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Over-Regulation Is Making Us More Vulnerable to Disease

Regulatory precaution, not rising temperatures, is the main driver for the increase in vector-borne disease.

MosquitoBloodsuckingPongmojiDreamstimePongmoji/Dreamstime"Climate change needs to be put out there as a major driver of vector-borne disease in the U.S.," Peter Hotez, dean of the National School of Tropical Medicine at Texas' Baylor College of Medicine, told Gizmodo. This was in response to a new study from the Centers for Disease Control and Prevention that reports of vector-borne diseases have tripled since 2004. These infectious illnesses include Lyme disease that is spread by ticks, and West Nile and Zika viruses spread by mosquitoes. The CDC report is indeed alarming, but not chiefly because climate change is exacerbating certain infectious maladies. Instead, the increase in vector-borne illnesses identified by the CDC says much more about how the proliferation of regulatory barriers is slowing the development and deployment of modern technologies to prevent the spread of disease.

While it is likely that warmer temperatures do create more favorable conditions for some disease-carrying species of mosquitoes and ticks to proliferate, preventing climate change is not the way humanity will eventually control these diseases. Vector control and vaccines are.

Consider the cases of malaria and yellow fever, both of which were mosquito-borne illnesses that afflicted much of the United States until the 20th century. They were eliminated by draining swamps, dusting breeding areas with insecticides like DDT, and installing more window screens in houses. Intensive mosquito control efforts were actually able to eliminate Zika virus in the Miami, Florida, area.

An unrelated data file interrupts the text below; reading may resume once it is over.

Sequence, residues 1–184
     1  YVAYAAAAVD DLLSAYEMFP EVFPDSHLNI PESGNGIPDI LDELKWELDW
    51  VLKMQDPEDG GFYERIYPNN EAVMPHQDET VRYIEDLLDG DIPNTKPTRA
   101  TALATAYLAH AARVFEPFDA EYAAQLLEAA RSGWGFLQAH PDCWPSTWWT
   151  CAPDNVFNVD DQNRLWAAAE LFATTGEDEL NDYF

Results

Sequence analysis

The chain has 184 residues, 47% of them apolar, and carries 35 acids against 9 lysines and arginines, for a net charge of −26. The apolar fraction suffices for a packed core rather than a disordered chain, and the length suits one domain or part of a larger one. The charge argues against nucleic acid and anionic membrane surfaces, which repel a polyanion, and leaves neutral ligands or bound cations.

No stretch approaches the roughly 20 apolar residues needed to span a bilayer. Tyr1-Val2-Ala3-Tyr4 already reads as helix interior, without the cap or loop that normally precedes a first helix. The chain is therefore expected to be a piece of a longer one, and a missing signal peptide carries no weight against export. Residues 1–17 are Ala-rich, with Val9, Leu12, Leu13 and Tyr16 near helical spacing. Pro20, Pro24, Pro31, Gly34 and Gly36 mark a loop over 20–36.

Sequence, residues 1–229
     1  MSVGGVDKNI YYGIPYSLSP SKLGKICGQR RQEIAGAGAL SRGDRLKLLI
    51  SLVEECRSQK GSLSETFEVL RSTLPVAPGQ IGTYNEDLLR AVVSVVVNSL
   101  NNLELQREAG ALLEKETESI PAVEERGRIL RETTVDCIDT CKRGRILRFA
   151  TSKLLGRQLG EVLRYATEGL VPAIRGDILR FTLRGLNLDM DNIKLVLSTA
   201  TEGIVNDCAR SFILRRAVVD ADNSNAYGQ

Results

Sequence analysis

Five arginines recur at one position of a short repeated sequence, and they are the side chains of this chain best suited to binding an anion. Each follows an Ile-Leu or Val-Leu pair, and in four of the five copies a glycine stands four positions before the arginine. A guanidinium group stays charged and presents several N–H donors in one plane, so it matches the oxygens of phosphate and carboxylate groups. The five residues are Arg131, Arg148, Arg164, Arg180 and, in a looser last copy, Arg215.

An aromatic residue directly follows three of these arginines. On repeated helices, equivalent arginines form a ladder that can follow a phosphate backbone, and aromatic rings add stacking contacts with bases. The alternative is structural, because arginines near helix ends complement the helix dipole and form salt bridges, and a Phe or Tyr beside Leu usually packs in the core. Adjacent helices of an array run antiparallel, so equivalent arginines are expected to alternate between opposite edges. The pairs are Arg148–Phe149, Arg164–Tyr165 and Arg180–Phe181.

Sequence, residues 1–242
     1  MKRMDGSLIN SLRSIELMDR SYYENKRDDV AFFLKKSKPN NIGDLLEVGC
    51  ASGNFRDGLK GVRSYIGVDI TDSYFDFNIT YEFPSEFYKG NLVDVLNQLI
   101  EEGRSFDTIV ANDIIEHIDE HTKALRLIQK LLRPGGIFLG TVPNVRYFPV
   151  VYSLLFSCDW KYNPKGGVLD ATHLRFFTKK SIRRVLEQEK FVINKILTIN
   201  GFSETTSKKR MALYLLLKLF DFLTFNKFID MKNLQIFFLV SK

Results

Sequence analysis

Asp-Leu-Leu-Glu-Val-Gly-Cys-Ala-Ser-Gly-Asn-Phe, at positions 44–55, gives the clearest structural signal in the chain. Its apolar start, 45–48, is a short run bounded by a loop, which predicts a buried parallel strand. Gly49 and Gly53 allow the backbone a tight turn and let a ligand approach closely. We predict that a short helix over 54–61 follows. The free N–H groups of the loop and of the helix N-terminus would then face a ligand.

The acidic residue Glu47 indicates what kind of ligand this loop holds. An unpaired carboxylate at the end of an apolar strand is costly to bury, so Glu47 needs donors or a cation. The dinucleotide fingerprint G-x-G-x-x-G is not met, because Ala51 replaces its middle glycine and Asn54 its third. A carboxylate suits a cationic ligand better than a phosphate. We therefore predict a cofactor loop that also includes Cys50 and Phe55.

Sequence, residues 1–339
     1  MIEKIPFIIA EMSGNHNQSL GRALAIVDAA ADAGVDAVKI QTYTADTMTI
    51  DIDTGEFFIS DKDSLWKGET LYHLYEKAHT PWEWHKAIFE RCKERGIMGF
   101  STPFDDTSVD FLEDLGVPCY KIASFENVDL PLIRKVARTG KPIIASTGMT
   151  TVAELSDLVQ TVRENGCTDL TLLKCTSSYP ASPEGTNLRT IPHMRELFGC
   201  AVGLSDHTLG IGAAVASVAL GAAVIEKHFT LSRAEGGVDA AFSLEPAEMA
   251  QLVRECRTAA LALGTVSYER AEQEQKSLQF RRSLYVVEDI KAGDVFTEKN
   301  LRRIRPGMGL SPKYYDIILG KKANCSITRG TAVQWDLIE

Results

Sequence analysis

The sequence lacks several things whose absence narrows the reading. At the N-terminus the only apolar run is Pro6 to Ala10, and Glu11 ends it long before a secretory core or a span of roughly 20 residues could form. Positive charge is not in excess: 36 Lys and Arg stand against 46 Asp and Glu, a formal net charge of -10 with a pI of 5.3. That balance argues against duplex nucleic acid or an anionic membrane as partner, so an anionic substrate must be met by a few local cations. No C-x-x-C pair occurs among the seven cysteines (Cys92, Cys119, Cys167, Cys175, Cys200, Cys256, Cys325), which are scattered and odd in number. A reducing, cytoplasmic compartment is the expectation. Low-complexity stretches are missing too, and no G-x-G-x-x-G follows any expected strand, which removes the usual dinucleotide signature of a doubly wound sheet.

New vector control methods include genetic changes that prevent mosquitoes and ticks from harboring disease microbes or by eliminating the blood-sucking parasites themselves. For example, researchers have suggested that they could break the chain of Lyme disease infection by engineering a gene drive that would prevent mice upon which Lyme disease-carrying ticks feed from becoming infected with the microbe. A gene drive works by making sure that both copies of a targeted natural gene are replaced with the engineered version, so that a desired trait will spread rapidly through a whole population of sexually reproducing organisms.

Gene drives also make it possible to essentially eliminate disease-carrying species by, for example, making sure that the vast majority of their progeny are male. This would be a handy way to kill off the introduced Aedes Aegypti mosquito that spreads Zika and West Nile virus in the U.S. In the meantime, while researchers are still perfecting gene drives and waiting for regulatory approval, the Kentucky-based MosquitoMate company is releasing male Aedes aegypti mosquitoes infected with Wolbachia bacteria to mate with wild female mosquitoes. Wolbachia-infected eggs do not hatch. Using a different approach, the British company Oxitec has genetically engineered Friendly™ GMO mosquitoes that can be deployed to spread a gene that is lethal to the larva of the disease-carrying pests. In Brazil, the release of Oxitec's mosquitoes reduced the transmission of dengue fever by more than 90 percent.